The RPAS unit should be able to be deployed within 12 hours of the request for assistance. Both the RPAS and the team manning the unit must have the sufficient resilience and autonomy to provide support to the intervention team during the entire duration of the mission.

The proposal should explain the feasibility of the use of the RPAS also in other Participating States. The explanation should cover regulatory, technical, and organisational feasibility aspects.

Aerial forest fire fighting using planes (*)

In case of a module: the requirements for an aerial forest fire fighting module using airplanes apply, as outlined in Annex II and Articles 12 and 13 of the Implementing Decision.

In case of an equivalent capacity: the requirements for an aerial forest fire fighting module using airplanes apply, as outlined in Annex II and Articles 12 and 13 of the Implementing Decision. However, the capacity can consist of one or two airplanes with a combined minimum capacity of 5 000 litres.

The proposed module or equivalent capacity shall be capable of carrying out the following types of interventions:

  •   Pre-positioning in appropriate locations to intervene in high forest fire risk areas in Participating States where requests for Mechanism assistance are likely in the following days. Pre-positioning should be completed within a maximum of 24 hours of the request for pre-positioning,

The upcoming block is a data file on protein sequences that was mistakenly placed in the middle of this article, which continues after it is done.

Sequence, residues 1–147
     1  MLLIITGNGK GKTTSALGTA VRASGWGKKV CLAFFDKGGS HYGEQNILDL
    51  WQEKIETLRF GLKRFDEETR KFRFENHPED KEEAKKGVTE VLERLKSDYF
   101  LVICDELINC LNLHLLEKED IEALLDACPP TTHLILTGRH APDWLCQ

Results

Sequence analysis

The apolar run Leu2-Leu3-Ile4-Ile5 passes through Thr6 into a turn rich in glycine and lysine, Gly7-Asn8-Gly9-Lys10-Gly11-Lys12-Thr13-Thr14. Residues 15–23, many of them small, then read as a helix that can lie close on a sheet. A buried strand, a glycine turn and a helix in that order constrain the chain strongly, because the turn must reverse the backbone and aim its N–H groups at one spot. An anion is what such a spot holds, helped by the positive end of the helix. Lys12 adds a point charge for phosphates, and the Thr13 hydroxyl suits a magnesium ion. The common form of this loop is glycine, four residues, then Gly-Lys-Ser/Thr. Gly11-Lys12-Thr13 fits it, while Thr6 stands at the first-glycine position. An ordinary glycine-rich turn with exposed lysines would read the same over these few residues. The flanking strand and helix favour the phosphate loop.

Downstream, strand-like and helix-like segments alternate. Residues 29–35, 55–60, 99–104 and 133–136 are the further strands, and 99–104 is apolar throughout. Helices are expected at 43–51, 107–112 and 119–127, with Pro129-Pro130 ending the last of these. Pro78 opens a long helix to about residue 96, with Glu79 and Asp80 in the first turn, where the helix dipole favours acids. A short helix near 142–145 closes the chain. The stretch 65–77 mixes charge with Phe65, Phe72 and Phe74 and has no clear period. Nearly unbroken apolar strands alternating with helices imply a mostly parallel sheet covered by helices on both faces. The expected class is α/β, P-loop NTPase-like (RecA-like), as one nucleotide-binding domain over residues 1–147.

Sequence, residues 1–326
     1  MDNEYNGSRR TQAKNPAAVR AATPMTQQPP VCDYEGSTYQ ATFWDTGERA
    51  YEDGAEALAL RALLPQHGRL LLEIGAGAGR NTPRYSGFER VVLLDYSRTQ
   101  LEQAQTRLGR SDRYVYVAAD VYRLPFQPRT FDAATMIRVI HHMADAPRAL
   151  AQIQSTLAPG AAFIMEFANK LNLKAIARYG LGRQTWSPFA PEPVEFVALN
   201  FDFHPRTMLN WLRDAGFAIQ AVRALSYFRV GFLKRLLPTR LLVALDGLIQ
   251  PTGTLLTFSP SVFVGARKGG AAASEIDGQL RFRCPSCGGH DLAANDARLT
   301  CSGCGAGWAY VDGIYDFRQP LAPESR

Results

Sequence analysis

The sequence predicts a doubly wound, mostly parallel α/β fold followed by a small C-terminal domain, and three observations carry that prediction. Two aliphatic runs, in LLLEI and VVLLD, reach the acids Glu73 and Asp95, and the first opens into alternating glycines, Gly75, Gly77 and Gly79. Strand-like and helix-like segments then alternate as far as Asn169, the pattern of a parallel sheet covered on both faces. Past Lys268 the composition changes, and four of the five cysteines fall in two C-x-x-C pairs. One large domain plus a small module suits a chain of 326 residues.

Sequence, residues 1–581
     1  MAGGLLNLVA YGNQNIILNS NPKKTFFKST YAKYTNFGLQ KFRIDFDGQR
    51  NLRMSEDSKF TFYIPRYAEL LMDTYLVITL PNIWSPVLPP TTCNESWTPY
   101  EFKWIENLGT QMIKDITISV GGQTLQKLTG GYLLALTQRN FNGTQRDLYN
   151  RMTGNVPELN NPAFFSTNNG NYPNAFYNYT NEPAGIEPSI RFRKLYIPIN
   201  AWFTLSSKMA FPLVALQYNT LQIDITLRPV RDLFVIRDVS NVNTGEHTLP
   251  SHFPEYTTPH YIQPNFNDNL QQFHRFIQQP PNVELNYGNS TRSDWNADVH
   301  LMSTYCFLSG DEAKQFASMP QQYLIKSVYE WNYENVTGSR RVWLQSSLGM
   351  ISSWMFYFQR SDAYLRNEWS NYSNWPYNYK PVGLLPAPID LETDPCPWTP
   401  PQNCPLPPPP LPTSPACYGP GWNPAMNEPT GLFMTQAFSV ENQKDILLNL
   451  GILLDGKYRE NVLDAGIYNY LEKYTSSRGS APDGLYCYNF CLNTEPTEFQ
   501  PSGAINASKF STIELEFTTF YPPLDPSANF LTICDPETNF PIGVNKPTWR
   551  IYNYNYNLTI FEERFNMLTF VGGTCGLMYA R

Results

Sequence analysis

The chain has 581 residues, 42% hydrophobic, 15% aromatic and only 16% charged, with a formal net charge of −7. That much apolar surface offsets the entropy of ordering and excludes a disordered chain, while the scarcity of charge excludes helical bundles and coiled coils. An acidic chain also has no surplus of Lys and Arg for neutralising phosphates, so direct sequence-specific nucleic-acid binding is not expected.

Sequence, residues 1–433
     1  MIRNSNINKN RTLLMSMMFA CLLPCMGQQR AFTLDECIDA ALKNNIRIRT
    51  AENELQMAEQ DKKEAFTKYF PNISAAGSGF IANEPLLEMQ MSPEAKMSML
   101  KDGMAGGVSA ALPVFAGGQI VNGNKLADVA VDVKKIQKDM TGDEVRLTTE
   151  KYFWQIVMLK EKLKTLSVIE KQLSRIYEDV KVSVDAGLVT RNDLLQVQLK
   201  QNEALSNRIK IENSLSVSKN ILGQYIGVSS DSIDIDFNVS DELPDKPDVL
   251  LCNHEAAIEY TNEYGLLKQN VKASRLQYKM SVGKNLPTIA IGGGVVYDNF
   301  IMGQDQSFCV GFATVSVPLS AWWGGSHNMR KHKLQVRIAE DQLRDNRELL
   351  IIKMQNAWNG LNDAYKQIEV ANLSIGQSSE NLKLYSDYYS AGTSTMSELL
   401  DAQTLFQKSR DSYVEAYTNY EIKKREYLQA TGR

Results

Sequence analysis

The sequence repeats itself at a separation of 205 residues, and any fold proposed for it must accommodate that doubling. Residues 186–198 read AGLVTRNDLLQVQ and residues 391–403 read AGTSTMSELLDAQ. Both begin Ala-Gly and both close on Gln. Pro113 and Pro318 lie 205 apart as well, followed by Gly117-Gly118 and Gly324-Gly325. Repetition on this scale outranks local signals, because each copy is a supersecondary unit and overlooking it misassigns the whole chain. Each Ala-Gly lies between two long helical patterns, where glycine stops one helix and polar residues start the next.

•   Rapid intervention lasting a maximum of one day and including flight to and from the site where the buffer capacity is positioned (this could be 'home' airport or pre- positioning site),

  •   Detachment lasting several days. Detachment should begin within a maximum of 24 hours following the acceptance of the offer by the requesting State.

Minimum duration of the action:

(*)Aerial forest fire fighting using planes: this buffer capacity should be available at least from 15/06/18 to 31/10/18. Where necessary, this period may be extended in accordance with the relevant operational conditions.

All the other buffer capacities should be available for the period of at least one year between January 2019 and December 2020.

The specific period during which the buffer capacities will be available (i.e. stand-by period) must be clearly indicated in the project proposal.

Where necessary, the duration of the implementation period of the action may exceed the duration of the stand-by period.

Contractual arrangements – contracts with a private market service provider: